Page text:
Sable Island Lloyds of London records tell us of over 500 shipwrecks of ocean vessels that have tried to navigate the treacherous ocean currents around Sable Island. Many more wrecks are unrecorded. Remains from ships of all sizes and from all countries rest in the sand, blown at by the wind until they are sandblasted into eternity. It is not uncommon to find steel sailing ship masts forty to fifty feet long or the odd cannon and the wheel it traveled on. Timbers, all hand hewn are still there with oak planking attached. It is common to find tools, coins and bottles. The bottles have been so sandblasted that they have a ghostly frosted appearance.

Due to technology the human population is smaller than in years past. I have been told by my predecessors about the hard times, the good times, the loneliness and the compassion expressed for one other by fellow residents. At one time whole families- wives and children and dogs lived on the island. I have seen the remains of old barns where farms flourished. The house would be maintained by the woman who would cook while the men would work at the life saving stations and be busy maintaining the equipment pertaining to lifesaving and light housekeeping.

One of the early superintendents, who was not a preacher would hold a church service every Sunday morning at his residence. He had an old ship's bell that he would ring and he insisted that everyone on the island attend. After a while, people stopped coming to church and he got very angry and smashed the bell with a hammer.

Now, only three men and one woman live on the island, and have for twenty-five years. They are biologists who have been studying the horses, the seals and the conservation of the island with complete dedication. The woman's name is Zoe Lucas and she is also a famous author and photographer of horses. The three men are the officers in charge of the rotating weathermen and rotating handyman."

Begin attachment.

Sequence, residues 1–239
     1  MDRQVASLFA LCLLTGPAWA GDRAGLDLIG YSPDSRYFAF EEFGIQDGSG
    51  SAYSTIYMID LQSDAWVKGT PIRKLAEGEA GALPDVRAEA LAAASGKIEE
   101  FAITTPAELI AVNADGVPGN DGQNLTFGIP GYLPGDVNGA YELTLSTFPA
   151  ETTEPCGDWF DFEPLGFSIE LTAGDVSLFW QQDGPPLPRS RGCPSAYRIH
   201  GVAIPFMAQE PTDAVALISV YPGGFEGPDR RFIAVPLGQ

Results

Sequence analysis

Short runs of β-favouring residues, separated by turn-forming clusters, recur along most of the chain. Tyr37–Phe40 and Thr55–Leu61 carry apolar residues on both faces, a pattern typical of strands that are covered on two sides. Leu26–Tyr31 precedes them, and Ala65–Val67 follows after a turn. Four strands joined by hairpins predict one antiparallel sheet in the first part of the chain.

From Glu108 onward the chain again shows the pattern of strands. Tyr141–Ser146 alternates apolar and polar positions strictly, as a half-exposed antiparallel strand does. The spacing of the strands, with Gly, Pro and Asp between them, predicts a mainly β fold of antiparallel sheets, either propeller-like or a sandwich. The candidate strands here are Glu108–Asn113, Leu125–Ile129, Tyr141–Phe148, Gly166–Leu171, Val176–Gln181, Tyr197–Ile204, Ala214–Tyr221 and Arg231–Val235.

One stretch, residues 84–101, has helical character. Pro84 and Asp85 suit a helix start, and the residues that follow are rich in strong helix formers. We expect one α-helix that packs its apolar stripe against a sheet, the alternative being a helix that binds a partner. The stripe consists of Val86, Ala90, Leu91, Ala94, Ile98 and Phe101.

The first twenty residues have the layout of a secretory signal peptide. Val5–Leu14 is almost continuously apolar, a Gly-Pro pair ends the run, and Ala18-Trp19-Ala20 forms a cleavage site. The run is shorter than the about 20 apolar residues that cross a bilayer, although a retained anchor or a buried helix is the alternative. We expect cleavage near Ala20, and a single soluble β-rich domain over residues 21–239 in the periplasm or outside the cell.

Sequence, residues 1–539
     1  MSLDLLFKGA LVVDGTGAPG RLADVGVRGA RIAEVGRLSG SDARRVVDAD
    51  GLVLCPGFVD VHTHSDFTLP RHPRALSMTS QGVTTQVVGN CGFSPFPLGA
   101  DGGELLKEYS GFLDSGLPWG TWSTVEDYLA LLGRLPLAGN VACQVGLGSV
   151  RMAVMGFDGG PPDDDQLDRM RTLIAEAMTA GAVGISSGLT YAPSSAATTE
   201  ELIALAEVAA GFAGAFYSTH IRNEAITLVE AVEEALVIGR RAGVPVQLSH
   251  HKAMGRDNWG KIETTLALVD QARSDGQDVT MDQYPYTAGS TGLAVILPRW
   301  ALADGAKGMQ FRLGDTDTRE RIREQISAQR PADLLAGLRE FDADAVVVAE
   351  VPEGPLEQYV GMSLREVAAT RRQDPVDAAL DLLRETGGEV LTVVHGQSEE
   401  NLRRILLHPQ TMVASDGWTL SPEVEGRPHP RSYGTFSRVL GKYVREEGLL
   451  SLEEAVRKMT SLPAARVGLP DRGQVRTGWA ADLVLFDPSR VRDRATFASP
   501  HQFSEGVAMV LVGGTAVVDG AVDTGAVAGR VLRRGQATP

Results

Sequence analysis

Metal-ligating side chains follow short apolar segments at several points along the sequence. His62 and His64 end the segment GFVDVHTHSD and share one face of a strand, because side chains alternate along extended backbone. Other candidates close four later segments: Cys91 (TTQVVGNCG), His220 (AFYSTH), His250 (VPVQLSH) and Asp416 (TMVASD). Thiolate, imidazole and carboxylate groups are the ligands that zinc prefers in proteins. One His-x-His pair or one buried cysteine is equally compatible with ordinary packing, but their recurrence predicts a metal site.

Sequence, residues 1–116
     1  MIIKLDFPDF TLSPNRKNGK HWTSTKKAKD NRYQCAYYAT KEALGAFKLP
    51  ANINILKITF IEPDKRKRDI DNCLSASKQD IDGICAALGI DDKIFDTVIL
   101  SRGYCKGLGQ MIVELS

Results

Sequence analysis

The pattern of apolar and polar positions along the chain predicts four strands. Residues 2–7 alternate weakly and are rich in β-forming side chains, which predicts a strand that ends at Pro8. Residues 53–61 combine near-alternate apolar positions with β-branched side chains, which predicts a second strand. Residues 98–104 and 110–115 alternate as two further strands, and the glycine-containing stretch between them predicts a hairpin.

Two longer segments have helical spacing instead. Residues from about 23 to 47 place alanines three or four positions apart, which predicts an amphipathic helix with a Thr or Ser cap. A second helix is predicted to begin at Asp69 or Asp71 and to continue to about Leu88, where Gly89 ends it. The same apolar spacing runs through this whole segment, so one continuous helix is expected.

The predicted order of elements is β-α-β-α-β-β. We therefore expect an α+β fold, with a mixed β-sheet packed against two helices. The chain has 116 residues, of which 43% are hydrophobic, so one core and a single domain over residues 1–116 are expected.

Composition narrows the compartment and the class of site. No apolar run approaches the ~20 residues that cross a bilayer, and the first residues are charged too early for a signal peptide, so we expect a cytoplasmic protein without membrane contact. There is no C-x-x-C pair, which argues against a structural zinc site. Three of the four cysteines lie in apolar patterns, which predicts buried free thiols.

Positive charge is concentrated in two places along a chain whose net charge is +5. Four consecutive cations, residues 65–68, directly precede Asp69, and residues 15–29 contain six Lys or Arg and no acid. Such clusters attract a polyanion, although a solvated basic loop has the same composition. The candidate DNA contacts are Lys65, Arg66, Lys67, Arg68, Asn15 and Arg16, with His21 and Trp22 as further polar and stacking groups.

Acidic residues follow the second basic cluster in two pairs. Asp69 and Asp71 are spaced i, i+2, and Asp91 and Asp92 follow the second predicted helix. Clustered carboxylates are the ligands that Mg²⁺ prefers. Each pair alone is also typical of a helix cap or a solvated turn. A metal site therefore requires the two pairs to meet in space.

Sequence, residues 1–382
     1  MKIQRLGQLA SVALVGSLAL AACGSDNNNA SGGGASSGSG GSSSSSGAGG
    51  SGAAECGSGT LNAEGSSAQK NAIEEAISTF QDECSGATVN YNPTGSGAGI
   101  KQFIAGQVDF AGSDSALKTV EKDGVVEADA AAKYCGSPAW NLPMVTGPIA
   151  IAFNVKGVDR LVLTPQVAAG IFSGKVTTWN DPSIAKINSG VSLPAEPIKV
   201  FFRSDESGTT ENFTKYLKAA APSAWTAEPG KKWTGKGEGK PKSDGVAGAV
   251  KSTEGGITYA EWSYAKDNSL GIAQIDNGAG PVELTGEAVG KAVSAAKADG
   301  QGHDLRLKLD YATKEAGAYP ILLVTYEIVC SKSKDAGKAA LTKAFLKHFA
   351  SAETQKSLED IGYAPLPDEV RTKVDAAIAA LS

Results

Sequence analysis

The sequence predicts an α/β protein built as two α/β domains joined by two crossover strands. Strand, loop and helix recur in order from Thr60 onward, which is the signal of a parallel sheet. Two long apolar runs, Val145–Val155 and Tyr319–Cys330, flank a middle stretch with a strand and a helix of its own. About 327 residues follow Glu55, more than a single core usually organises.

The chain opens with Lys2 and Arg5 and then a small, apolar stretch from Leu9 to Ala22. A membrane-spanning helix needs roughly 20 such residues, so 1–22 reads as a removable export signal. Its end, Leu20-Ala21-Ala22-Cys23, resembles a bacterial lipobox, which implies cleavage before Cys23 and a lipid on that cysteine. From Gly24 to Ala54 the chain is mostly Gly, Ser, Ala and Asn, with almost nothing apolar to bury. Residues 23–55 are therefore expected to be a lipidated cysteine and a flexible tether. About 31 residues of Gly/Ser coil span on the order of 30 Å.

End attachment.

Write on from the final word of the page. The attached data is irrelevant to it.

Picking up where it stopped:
Back to Intro

More on Sable Island

This article has been adapted from an original 1997 interview by Elisabeth Schwartzer.
- G. Martin

Hatch Media.
Photos © Ross Mason
© 2001 Highway 7

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All contents © 1995 - 2017 Highway7.com unless otherwise attributed
Highway7 E-zine, a publication of Hatch Media, is an electronic journal with a focus on commercial, historical, cultural and ecological issues concerning the Eastern Shore of Nova Scotia in Canada. Topics include a growing resource of currently more than 300 articles. More articles and image galleries are added frequently as new material is brought to our attention. With Highway7.com, our primary aim is to serve, inform and reflect the rural communities on the Atlantic Coast of Nova Scotia, as well as to acquaint new residents, visitors, tourists, and investors with the special beauty and enormous potential of our region.